As a child in the 80s, I remember often feeling a low-level dread. Not constant, not to the extent that it interfered with enjoying life, but the dread of a Cold War child that, any minute, the happy world I lived in might be destroyed in a hail of nuclear fire.[fn1]
It didn’t have anything to do with my parents, who didn’t spend any significant amount of time talking about the risk of all-out war. And I don’t recall talking about it at school or at church. But it kind of underlay the culture, emerging not infrequently from the 6:00 news. And then, of course, in 1989, that fear began to crumble.
Sadly, fear returned in 2001, and we (meaning, myopically, we in the United States) now live lives of heightened awareness of tragedy, awareness that a person with a bomb or a gun can emerge in the most unexpected places and shatter the peace that we enjoy.
I don’t want to comment on the tragedy in Boston; like many people, I’ve watched it in impotent sadness on Twitter and other places on the web. I mourn for those who have been hurt or killed, who have lost friends and loved ones, but I don’t have anything helpful or insightful to bring to the table.[fn2]
I do, though, have one request to Sacrament meeting speakers on Sunday: please don’t talk about the bombing. Or at least, please don’t talk about it explicitly.
Look, I get the motivation: I’m speaking Sunday, and I understand the need to processes the tragedy, and try to work through it. I understand the comfort that religion can bring (or, at least, try to bring) to senseless violence like this. And I think we should try to work through it from a religious perspective.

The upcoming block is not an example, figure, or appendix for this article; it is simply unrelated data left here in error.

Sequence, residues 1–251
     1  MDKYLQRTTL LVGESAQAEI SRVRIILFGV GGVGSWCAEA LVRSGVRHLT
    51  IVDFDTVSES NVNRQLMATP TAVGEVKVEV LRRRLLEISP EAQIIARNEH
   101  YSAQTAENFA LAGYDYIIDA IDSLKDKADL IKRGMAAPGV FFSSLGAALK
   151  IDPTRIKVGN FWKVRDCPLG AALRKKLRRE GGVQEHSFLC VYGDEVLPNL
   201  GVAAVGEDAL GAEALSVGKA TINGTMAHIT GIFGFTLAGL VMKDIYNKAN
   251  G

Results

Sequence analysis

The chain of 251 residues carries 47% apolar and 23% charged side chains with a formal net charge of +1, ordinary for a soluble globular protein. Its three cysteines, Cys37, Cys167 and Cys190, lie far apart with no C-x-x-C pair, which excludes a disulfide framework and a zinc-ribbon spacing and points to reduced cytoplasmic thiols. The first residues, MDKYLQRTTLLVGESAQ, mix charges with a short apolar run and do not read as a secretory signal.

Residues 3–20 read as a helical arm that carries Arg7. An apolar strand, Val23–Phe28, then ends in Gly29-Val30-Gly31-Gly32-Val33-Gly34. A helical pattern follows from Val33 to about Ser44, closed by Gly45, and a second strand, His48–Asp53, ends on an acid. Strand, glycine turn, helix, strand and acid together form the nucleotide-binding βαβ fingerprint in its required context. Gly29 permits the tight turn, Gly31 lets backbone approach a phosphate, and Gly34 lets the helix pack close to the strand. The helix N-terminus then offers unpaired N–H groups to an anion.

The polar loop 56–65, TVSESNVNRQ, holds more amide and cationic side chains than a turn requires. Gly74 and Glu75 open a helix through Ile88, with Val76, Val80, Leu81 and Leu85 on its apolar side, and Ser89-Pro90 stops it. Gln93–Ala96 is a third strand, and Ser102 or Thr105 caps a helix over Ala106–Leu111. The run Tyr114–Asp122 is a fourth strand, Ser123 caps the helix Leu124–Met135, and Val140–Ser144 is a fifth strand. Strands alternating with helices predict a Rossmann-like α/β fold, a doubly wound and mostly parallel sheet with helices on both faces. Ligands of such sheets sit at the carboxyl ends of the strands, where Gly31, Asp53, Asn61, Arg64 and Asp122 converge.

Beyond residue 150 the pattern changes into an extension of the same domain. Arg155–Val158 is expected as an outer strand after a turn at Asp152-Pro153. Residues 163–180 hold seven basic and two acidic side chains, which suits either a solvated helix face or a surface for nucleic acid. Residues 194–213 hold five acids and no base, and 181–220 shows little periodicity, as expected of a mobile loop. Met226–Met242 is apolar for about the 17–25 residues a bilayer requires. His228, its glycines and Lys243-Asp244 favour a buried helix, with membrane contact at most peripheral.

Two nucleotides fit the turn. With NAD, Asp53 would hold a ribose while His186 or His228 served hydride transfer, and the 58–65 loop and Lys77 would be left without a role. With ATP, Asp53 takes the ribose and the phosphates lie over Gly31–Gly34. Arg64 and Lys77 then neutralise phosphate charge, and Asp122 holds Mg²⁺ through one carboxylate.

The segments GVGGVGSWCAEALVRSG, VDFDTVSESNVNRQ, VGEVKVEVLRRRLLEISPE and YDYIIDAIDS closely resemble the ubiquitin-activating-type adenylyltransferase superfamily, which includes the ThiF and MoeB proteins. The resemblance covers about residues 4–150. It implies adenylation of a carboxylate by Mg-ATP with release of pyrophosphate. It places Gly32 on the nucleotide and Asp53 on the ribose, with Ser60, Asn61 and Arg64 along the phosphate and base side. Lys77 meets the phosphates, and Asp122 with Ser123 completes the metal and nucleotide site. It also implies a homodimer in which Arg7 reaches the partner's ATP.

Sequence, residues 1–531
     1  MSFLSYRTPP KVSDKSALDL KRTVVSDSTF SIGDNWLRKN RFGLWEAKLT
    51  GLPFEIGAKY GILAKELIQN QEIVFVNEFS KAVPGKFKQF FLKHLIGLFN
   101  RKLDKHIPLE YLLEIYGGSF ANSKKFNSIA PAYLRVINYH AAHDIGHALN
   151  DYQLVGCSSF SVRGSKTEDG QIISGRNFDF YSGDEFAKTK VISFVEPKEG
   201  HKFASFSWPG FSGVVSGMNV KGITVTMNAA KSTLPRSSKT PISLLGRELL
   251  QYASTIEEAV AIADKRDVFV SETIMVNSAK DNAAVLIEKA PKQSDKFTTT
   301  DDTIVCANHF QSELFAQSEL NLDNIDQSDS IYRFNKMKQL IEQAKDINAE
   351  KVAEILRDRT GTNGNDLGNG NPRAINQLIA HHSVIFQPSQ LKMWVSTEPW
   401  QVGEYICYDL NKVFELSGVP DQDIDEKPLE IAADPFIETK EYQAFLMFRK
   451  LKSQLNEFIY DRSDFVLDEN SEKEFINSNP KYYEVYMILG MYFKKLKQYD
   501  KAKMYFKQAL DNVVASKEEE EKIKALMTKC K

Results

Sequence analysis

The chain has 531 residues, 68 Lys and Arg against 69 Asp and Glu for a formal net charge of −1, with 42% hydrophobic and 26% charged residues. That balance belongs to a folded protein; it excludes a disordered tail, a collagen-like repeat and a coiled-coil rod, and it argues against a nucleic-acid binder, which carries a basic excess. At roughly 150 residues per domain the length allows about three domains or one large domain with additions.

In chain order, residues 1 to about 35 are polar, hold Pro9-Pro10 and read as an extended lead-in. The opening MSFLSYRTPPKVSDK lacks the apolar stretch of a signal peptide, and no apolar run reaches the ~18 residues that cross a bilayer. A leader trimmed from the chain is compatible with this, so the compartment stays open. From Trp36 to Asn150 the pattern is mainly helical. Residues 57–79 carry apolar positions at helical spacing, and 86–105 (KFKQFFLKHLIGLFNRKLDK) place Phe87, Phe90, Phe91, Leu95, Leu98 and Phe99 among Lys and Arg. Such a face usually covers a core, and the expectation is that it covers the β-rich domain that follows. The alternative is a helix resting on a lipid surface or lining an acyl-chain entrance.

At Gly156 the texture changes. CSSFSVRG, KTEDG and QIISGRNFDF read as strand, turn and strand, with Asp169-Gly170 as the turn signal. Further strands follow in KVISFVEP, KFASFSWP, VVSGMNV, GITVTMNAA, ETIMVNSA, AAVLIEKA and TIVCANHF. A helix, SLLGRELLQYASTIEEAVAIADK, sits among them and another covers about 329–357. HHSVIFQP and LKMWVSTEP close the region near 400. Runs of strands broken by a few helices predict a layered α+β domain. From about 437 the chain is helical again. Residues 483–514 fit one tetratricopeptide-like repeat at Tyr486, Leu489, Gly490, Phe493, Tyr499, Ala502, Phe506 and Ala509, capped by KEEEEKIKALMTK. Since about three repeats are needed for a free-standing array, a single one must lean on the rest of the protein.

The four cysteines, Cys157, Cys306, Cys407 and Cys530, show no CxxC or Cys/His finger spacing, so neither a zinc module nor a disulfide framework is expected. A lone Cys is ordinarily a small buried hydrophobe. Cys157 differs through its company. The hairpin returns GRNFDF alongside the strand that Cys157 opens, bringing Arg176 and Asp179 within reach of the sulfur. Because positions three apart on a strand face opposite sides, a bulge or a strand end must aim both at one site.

Just not in Sacrament meeting.
I ask this as a parent of small children. I don’t want them to live with the low-level worry of a Cold War child. I want them to believe the world is a good place. I want them to be afraid of Maleficent and ghosts and monsters under the bed and other things that they know, deep down, aren’t real. I don’t want them to be afraid of men with guns coming into their school, of bombs at the parade or race they’re watching.
I don’t want them to be afraid of one-in-a-million events about which they couldn’t do anything anyway.
I haven’t told my kids about Newtown. I haven’t told them about Boston. I haven’t told them about 9/11 (which happened before they were born, in any event).
For what it’s worth, we have two hours without children where we can process and work through the horror from a Mormon perspective. And I think we should use that time. Just not Sacrament Meeting.[fn3]
[fn1] That said, at least we didn’t do duck-and-cover nuclear drills in school; in Southern California, our duck-and-cover drills were earthquake-related.
[fn2] Well, except maybe this: “We actually have all the power here, and there’s one thing we can do to render terrorism ineffective: Refuse to be terrorized.”
[fn3] Two last things: I think there probably are some wards where it would be appropriate for Sacrament Meeting speakers to address, explicitly and head-on, Boston. Wards in Boston, for example, and singles wards leap to mind.
Also, I don’t present this as normative parenting advice. You may have told your children about the bombing; I don’t see any problem with that. I’m just relating the way my wife and I have chosen to raise ours.